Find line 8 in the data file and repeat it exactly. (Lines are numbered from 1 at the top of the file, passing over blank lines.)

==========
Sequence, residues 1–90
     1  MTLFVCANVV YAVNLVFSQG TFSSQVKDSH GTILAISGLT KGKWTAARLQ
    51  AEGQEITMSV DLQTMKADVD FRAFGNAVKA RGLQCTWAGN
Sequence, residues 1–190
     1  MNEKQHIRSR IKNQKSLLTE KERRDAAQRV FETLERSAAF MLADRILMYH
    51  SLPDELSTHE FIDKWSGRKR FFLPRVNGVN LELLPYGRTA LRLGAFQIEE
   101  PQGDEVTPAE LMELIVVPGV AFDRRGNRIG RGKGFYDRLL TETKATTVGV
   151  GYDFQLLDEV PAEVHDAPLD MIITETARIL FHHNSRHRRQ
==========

   151  GYDFQLLDEV PAEVHDAPLD MIITETARIL FHHNSRHRRQ